May 2010 issue
Something Borrowed, Something Baked
The cookie table trumps as a wedding tradition in eastern Ohio.
Recipes: Delicious Cookies; Cherry Almond Cookies
Of all the conversation topics my 63-year-old father and I cover, weddings are rarely among them. So when he wanted to talk details about a friend’s daughter’s wedding he attended near Cleveland last December, I knew something was up.
“Really good cookie table,” he reported. “One of the better ones I’ve seen.”
Considering the source, this constituted a rave review. And given that articles about wedding cookie tables and their Ohio roots have appeared in The New York Times and the recently shuttered Gourmet magazine, it seemed worth a phone call to the bride and groom to find out what made theirs so spectacular that a man who dismisses chain store baked goods as “yuppie doughnuts” would bring it up.
A cookie table is just as it sounds: a buffet of cookies showcasing the results of weeks or even months of baking by mothers, aunts, grandmas, cousins and family friends. This particular cookie table had more than 2,400 pizzelles, clothespin cookies, buckeyes and Italian wedding cookies, not to mention 10 dozen titled “Delicious Cookies,” baked by a friend of the groom’s family.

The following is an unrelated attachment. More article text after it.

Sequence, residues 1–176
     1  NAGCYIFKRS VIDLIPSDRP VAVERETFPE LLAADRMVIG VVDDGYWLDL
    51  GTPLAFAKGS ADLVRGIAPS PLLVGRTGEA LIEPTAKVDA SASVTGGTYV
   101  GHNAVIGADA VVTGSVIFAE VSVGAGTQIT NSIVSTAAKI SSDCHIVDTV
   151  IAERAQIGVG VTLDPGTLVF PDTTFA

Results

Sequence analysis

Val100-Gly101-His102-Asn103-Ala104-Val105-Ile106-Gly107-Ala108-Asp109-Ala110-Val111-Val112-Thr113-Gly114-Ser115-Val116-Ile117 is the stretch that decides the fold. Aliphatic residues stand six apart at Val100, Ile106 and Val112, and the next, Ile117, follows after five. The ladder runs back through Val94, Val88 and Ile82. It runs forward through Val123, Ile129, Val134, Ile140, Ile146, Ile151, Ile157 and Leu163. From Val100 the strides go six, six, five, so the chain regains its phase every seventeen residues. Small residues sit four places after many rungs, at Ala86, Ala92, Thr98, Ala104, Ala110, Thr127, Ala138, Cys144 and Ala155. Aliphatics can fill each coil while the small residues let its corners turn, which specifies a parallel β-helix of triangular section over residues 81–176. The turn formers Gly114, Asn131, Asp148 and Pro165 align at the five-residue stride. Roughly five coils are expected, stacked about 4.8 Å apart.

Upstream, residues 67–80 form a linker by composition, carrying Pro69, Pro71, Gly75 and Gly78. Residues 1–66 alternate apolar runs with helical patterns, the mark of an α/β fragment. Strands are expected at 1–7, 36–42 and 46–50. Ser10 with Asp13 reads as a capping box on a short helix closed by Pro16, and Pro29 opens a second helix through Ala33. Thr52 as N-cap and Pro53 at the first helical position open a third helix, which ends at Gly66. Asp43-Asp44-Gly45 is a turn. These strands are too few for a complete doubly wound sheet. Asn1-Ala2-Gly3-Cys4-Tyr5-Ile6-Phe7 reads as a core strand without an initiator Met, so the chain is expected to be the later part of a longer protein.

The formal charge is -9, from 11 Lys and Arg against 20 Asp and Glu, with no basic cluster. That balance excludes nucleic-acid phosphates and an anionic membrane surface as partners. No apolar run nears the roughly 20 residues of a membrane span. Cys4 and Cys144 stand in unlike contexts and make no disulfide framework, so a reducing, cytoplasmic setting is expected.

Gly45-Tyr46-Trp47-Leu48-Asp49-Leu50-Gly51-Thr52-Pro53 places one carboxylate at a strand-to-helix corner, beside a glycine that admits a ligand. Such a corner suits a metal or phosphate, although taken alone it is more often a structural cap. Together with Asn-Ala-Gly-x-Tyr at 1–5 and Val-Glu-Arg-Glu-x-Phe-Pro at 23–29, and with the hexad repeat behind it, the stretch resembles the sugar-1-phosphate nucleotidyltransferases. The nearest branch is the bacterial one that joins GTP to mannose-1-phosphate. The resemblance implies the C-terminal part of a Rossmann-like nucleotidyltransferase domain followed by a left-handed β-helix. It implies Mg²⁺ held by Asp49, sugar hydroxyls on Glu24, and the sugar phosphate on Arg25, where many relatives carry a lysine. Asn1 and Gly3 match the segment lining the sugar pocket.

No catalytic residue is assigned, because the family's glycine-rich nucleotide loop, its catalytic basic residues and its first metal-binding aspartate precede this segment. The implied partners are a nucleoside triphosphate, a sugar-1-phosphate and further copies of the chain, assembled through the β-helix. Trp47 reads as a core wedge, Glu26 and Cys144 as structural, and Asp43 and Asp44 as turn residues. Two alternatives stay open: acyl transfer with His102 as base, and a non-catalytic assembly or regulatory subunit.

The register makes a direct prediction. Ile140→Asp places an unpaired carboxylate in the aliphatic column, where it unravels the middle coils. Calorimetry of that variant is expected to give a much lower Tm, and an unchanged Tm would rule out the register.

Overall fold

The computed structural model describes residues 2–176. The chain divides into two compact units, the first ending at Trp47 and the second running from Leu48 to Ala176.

Bride Brittany Ceci, a native of Solon, says she had never heard of the tradition before she and her husband Dan began their wedding planning. “Dan is number nine of a family of 10 kids,” she says. “So he’s been to eight weddings of his brothers and sisters, and they all had cookie tables.” The cookie table, she went on to explain, is such a deeply rooted tradition in her husband’s Italian family that it wasn’t a question of if they would have one, just a matter of how big it would be.
Considering that Dan Ceci grew up near Youngstown — where Mahoning Valley Historical Society archivist Pamela Speis says the practice is so entrenched that a wedding without one is almost unthinkable — this isn’t surprising. Although Youngstown vies with Pittsburgh for ownership of the tradition, Speis — who curated an exhibit that included wedding cookie tables — says the custom actually immigrated with large groups of Italians, Greeks, Slovaks and other Eastern Europeans who settled around urban industrial areas near the East Coast.
“Our research seemed to indicate that where certain groups migrated to, so too did the cookie table,” she says, noting that the cookie table appears to be best known near populations that are largely Italian. For the museum’s 2005 exhibit, Speis surveyed archives in search of information that might link cookie tables to a specific group, as well as determine how commonly known they are in other parts of the country. “In population settlements that didn’t include a sizable number of Italian or Eastern European groups, the number of those who were familiar with them decreased,” she says. Her research also indicated that cookie tables are better known in the East than in the Midwest, South, Southwest or West.
Mavis Ceci, Dan’s mom and the family’s cookie table expert, says for her, the cookies are as much an expression of love as they are a symbol of pride in the family’s tradition.